In eastern Asia, there lies a range of mountains. The greatest ones, the roof of the whole planet. At the top of the world, in these misty mountains, there are Buddhist monasteries. In these monasteries there are monks who are dressed with the most simple outfits that you can encounter, most of the time monks are trying to do nothing. As a part of nothing, they also do mandala.
Mandala… who knows what it actually means, or what it’s meant to be? Everything decays, every object, life corrupts. Everything, all there is meant to be destroyed. So, does the mandala.
First, I must tell you I don’t claim to know anything. This is just a reflection of what is reflected to me. This is what I see from my viewpoint, through watching a tiny, small screen; conversely seeing great worlds on it and imagining even greater ones and beyond.
Mandala is an art form originating from Hindu and Buddhist cultures. It’s basically drawing geometric patterns that symbolizes the life and the universe. Personally, I would say a symbol of what we see in life instead of a symbol of life in order to prevent this label from transforming into a dogma. Neither Buddhists nor westerners don’t know what is life and what the universe looks like. They only try to give a picture of what they see, not what it is.
In creating a mandala, Buddhist monks gather around and start to draw and paint a graphic symbol of the universe. It’s usually a square enclosed with a circle. There are often deities to the sides. The order of the shapes, the harmony aids the individual to embrace the unity of being, in other words, the order of the cosmos. The shape is chaotic, yet it has a kind of order. When it’s done with colored sands, the graphic, the artwork is dismantled at the end. The sands are mixed, the universe is destroyed.
Why they do it? Why do you do any work or leisure? It’s an expression of what there is in that context. This is a ritual of the Buddhist tradition. Like all rituals, whether it’s in the court of law or Christianity, it represents what they do and what they mean. It’s the essence of their context, an abstract, a summary. We’re all participating in a cooperative Mandala work-game. Then we’re all destroyed at the end. Nobody survives or everyone passes.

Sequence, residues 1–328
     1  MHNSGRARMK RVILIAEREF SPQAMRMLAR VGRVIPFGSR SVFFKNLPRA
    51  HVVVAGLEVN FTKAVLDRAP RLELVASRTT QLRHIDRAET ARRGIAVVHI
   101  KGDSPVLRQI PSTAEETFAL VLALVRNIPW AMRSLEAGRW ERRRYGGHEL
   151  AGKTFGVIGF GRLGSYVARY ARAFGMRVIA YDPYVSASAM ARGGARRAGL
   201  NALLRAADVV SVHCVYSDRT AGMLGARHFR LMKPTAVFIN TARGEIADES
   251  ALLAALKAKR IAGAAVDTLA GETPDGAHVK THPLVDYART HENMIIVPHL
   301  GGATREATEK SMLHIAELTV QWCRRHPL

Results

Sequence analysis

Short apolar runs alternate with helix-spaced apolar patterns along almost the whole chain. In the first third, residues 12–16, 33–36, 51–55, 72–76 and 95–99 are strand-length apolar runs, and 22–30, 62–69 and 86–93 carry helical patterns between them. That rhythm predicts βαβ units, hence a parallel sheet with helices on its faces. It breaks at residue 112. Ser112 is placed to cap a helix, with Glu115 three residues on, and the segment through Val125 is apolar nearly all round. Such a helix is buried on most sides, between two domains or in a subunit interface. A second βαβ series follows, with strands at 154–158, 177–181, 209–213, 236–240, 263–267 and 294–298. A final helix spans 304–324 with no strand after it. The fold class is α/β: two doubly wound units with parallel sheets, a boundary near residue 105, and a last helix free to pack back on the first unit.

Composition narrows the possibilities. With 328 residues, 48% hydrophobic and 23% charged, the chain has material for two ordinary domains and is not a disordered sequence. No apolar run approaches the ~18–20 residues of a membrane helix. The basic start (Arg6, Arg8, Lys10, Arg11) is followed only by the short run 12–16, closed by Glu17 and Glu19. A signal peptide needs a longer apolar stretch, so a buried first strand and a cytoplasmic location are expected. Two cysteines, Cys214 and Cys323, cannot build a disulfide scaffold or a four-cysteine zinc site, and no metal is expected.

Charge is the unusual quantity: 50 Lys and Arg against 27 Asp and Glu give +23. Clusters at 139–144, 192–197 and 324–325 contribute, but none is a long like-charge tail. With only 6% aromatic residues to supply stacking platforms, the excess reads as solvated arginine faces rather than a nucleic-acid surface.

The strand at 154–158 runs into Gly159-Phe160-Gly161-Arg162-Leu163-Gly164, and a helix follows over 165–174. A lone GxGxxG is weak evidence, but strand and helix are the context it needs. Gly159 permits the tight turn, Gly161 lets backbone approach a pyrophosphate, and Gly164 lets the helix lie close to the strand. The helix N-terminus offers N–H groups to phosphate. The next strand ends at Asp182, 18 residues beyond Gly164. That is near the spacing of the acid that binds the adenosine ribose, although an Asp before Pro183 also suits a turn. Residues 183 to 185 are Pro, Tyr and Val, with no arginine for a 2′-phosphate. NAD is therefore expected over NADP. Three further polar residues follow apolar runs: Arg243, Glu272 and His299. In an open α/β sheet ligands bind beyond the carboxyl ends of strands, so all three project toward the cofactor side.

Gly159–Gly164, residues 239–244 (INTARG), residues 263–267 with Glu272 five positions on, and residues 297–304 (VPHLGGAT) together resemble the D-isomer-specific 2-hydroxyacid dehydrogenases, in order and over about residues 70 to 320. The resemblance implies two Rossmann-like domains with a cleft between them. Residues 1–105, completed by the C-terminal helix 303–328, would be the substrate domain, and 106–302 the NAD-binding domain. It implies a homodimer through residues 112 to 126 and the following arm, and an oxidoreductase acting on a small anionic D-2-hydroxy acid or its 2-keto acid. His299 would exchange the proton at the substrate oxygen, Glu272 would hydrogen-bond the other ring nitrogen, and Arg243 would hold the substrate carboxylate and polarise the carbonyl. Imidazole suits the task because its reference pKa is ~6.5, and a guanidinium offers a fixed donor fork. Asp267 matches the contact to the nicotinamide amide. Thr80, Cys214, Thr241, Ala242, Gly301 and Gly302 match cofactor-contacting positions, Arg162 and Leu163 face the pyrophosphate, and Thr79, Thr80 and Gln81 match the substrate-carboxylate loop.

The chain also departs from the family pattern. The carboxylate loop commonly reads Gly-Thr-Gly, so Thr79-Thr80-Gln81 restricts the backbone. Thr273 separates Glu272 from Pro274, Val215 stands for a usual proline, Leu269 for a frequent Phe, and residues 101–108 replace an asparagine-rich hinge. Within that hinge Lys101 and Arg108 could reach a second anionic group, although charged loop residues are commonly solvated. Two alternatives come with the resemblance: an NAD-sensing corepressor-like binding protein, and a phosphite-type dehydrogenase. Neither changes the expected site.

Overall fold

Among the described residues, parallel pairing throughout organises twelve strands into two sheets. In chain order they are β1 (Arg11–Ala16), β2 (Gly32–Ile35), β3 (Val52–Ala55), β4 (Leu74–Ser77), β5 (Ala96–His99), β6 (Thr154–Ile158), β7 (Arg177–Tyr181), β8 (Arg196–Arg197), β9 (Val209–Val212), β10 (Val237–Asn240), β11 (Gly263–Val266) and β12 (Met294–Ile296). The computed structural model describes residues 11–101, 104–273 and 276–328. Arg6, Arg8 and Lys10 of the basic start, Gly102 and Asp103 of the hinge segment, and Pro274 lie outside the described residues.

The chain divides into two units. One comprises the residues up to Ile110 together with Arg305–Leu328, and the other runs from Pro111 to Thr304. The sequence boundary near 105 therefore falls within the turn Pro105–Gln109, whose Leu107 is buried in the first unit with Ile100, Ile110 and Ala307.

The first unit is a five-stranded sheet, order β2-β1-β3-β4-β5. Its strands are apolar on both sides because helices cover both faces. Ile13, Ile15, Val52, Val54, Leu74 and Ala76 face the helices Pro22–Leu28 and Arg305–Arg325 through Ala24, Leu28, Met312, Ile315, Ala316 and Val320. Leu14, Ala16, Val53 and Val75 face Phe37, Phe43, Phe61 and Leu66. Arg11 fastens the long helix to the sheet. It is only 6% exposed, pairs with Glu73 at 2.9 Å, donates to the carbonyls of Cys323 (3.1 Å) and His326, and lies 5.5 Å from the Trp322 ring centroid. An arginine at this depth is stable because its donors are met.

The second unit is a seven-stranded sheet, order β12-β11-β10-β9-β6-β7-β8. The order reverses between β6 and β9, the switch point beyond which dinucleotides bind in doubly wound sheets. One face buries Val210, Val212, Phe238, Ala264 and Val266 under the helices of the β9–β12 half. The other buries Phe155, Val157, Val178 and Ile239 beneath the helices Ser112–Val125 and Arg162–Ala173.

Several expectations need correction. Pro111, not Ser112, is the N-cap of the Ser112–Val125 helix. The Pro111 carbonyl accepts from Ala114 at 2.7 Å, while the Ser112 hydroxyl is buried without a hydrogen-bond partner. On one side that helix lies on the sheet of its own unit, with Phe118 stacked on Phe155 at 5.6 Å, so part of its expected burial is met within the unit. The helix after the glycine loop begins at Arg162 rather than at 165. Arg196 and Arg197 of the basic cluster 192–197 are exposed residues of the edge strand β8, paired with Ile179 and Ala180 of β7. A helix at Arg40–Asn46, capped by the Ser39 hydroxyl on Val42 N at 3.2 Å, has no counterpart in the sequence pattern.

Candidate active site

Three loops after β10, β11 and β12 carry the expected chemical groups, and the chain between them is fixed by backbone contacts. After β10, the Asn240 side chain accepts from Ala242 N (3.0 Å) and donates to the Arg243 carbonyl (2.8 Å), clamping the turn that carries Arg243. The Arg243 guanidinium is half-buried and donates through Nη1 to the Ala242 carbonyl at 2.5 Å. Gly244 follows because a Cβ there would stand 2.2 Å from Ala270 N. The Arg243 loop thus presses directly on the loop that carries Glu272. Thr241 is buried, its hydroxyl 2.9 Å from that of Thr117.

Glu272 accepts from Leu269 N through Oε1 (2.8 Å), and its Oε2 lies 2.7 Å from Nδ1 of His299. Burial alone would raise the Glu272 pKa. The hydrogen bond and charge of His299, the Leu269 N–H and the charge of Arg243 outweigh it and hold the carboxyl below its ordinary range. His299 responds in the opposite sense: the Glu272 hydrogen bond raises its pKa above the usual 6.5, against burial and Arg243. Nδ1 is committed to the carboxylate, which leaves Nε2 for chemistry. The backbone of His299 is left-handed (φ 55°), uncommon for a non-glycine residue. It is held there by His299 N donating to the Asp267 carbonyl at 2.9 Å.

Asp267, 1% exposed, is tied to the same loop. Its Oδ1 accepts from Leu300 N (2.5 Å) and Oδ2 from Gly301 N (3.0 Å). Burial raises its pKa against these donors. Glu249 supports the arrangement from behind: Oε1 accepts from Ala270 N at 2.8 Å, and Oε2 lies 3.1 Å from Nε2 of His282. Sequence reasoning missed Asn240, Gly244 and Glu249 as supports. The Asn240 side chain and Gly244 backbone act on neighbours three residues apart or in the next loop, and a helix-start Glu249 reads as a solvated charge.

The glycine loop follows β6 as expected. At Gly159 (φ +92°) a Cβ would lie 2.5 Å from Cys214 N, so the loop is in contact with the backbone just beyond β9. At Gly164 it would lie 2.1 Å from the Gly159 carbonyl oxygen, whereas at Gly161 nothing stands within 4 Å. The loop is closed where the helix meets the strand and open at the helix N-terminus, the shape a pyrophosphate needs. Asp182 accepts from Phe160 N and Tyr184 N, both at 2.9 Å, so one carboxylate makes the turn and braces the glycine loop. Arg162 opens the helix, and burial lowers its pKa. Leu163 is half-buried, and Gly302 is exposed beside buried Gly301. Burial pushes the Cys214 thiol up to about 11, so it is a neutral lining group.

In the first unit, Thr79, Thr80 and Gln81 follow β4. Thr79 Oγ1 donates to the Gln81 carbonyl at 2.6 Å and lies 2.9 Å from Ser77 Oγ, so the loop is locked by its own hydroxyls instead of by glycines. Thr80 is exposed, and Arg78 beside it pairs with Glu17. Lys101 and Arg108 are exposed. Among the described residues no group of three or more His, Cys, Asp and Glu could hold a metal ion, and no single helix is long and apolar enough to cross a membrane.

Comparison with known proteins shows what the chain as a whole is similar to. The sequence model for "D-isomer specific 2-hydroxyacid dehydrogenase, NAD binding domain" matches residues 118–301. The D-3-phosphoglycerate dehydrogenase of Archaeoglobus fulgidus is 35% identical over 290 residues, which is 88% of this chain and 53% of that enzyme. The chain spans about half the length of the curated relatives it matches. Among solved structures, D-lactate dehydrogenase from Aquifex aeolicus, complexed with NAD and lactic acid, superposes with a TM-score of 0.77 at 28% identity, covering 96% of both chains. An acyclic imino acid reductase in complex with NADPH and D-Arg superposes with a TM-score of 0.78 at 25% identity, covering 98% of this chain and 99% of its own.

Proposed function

The thing with Mandala is it’s presented in sacredness. There is a holy aspect. Things become holy if they’re respected by a community and they’re respected on the account of its useful, pragmatic value. All sacraments were once useful knowledge, most of them are still functional. They’re usually fundamental, concise expressions. Similar to other rituals of other traditions, mandala tells us about Buddhism and its way of life.
The monks draw and paint the shapes elegantly. It’s a show that you’d want to see. The seriousness, devoutness of monks is astonishing. It takes days to complete and a few moments to destroy it. They’re completely aware of futility. The exact aim is to be futile actually. It’s the embodiment of Buddhism.
We can observe the basic tenets of Buddhism in this artwork. Namely, Four Noble Truths,
- 1. Life is suffering, you’ll suffer inevitably. Do it consciously.
- 2. There is a cause behind the suffering, it’s desire
- 3. You can end this suffering through ending desire
- 4. The path for ending is eightfold path, which is basically right action.
You see, how unbearable is to destroy a craft right after the completion, yet it’s what you have to do in this life. Not only craft, but the artist is also going to be destroyed. You’re going to be destroyed. Your ideal, static world is only in your head. The external world, it’s all temporary. The objective world is made to be temporary. This world is going to be erased.
Shiva will destroy it because it was created in the first place, and Vishnu created it to be destroyed. That’s the essence of this culture and Mandala is a manifestation, a reflection of this predicament.
At the end, the sands are usually poured into a river. The pattern, connected structure was universe, the dismantling was death. Pouring into river symbolizes continuing the journey in a different dimension. River is continuation, the change and unity of being.
The message of mandala as far as I see is, There is death in relation to life and there is play in relation to work. Desire is suffering and solution is “not clinging.”
In order not to cling, first you have to notice the impermanence, there is nothing that “you” can cling to.
- Image credits: